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Haaretz / Iranian-armed Yemen Rebels Now Threaten One of World's Busiest Shipping Routes, Israeli Navy Says

Posted by: Semere Asmelash

Date: Monday, 05 February 2018

Iranian-armed Yemen Rebels Now Threaten One of World's Busiest Shipping Routes, Israeli Navy Says


 

Current shipping traffic in the Bab al-Mandab strait
Current shipping traffic in the Bab al-Mandab strait
Also armed by Iran, Hezbollah and Lebanon now also threaten all of Israel's economic waters, including offshore gas fields

Armed by Iran, Yemen's Houthi rebels now threaten one of world's busiest shipping routes, a top Israeli naval official said.

“The entrenchment of Iran in Yemen and the transfer of advance weaponry to the Houthi forces in the region constitutes a threat to merchant ships making their way to the Mediterranean Sea" via the Bab al-Mandab crossing, a senior Israel Navy official said Monday, as he described the threats to the State of Israel’s economic waters. 

"We are dealing today with the most advanced systems being transferred to Houthis [in Yemen] and Hezbollah [in Lebanon], and this definitely constitutes a threat to Israel’s merchant ships and gas rigs."

This same officer claims that as of today, Hezbollah has weapons that threaten the entire area of Israel’s economic waters and could cause damage to each of the fields that supply gas to Israel.  “At a time of war we have to be able to order the closure of the [gas] rigs such that if a rig takes a hit it can be repaired. A rig that has gas in it – a hot rig – will disintegrate [if hit] and will not return to service.”

The navy hasn’t been asked to express an opinion about the purchase of German submarines by the Egyptian army but although the navy doesn’t see Egypt as a serious threat, certainly not in the short term, the senior officer said, “I would prefer if those submarines wouldn’t make it here.”

A few weeks ago, Haaretz reported that the army fears Hezbollah has the capability to attack Israels offshore natural gas platforms, having acquired the armaments such as rockets to do so.

Nevertheless, senior Israel Defense Forces officer told Haaretz, "our intelligence assessment is that even if Hezbollah currently has this capability, we don't see it taking such an extreme step just to create a provocation. The other side also understands that hitting the gas platforms is the declaration of a third Lebanon war."

In July 2011, in a speech marking the fifth anniversary of the outbreak of the Second Lebanon War, Hezbollah leader Hassan Nasrallah threatened Israels offshore gas platforms. The organization, which doesnt recognize Israels existence, claims the platforms lie in Lebanon's exclusive economic zone rather than Israel's.

"Lebanon is capable of defending its gas and oil resources, and anyone who lays a hand on its assets, we'll know how to treat him," Nasrallah said. If Lebanon is wise enough to act maturely and responsibly regarding the gas and oil fields, we'll have an opportunity to pay our debts and improve the country's economic situation.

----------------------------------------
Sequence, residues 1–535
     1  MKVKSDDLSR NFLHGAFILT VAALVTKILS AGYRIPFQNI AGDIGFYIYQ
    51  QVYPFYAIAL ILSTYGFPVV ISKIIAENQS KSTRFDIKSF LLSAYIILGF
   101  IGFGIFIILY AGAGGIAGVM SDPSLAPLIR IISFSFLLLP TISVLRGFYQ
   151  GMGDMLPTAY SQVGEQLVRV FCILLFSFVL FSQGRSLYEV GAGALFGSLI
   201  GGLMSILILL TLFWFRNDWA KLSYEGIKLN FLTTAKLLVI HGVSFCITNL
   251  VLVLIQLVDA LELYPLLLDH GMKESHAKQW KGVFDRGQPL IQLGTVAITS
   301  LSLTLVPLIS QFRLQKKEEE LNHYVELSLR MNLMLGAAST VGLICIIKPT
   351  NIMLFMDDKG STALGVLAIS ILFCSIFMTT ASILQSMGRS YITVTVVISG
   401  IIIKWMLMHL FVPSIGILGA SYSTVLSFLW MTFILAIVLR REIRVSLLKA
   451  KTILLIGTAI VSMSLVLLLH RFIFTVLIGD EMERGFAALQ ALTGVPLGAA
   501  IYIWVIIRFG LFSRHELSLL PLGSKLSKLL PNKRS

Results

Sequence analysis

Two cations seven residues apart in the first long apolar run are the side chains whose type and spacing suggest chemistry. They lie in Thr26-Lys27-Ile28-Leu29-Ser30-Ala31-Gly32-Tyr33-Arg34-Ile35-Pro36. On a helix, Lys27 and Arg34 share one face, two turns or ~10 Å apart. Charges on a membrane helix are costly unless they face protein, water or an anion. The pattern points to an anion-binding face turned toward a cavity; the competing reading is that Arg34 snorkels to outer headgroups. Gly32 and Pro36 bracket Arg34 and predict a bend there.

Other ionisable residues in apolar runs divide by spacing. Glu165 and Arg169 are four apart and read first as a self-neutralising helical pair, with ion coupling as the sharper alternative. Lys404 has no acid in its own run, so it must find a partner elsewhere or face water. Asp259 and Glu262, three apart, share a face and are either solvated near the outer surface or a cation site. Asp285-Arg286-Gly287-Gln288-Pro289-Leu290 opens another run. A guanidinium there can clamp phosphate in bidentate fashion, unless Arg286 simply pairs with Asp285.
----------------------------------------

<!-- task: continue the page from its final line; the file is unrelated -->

His deputy, Naim Qassem, has made similar remarks. "It is Lebanon's right to exercise its sovereignty and control over natural resources and gas fields discovered in Lebanon's waters, and therefore, the resistance is responsible for using all means to assist this," Qassem said, using Hezbollah's nickname for itself.

Army sources say the threats that Hezbollah started making in 2010 include Hezbollah's abilities to attack Israel's gas platforms. "It's not just declarations but rather capabilities, mainly missiles, aimed at attacking the platforms," one defense official said.

The government has tasked the IDF with defending the gas platforms. To do so, the navy is preparing to accept the Sa’ar 6 boats that will be used to defend the rigs. The ships will be equipped with anti-missile systems and other capabilities to deal with potential threats. During routine times, these vessels will be used for ongoing operations but in an emergency every rig will be guarded by a vessel carrying an anti-missile system.

The Israel Defense Forces is also awaiting the arrival of new submarines during the coming years. The army made it clear to government officials that the minimum the navy needs is five submarines, while the optimal number is six. After the construction of the three new submarines under order from the German shipyard, the IDF will have six submarines at its disposal.

The submarine issue has lately been under the cloud of the investigation known as the Case 3000 that deals with allegations of bribery in a billion-dollar submarine deal between Israel and Germany. Some of the key suspects in the affair are very close associates of Prime Minister Benjamin Netanyahu. “The navy feels the presence of the investigation, it can’t be ignored,” the senior officer said. “But we aren’t dealing with everything surrounding it. All that interests us are the needs of the navy, if we need the tools or not. The influence on the navy is just the fact that the case is in the air.”

To date, no serving naval officer has been questioned in the Case 3000 investigation.

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Yaniv Kubovich
Haaretz Correspondent



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